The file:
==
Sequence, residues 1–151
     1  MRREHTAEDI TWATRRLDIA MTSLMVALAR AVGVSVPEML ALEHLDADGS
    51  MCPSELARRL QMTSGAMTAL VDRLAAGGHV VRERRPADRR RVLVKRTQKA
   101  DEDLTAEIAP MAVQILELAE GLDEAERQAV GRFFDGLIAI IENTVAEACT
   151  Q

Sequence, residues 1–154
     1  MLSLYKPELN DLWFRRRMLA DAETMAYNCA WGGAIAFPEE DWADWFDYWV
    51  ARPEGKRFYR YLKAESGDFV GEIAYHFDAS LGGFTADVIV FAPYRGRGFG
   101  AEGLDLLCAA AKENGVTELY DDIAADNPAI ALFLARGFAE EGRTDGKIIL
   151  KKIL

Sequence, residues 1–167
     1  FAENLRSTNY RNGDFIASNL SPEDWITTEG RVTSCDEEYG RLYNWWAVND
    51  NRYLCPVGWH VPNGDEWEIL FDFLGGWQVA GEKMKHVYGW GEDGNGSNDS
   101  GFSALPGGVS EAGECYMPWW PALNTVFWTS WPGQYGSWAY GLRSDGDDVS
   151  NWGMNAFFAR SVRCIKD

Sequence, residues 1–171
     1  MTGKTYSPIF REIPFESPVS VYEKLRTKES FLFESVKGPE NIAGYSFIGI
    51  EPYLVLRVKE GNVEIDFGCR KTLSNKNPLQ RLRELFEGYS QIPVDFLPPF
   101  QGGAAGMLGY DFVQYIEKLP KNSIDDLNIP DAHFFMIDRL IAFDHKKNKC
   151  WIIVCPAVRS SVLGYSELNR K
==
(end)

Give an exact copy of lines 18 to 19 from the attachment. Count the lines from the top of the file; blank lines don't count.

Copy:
    51  EPYLVLRVKE GNVEIDFGCR KTLSNKNPLQ RLRELFEGYS QIPVDFLPPF
   101  QGGAAGMLGY DFVQYIEKLP KNSIDDLNIP DAHFFMIDRL IAFDHKKNKC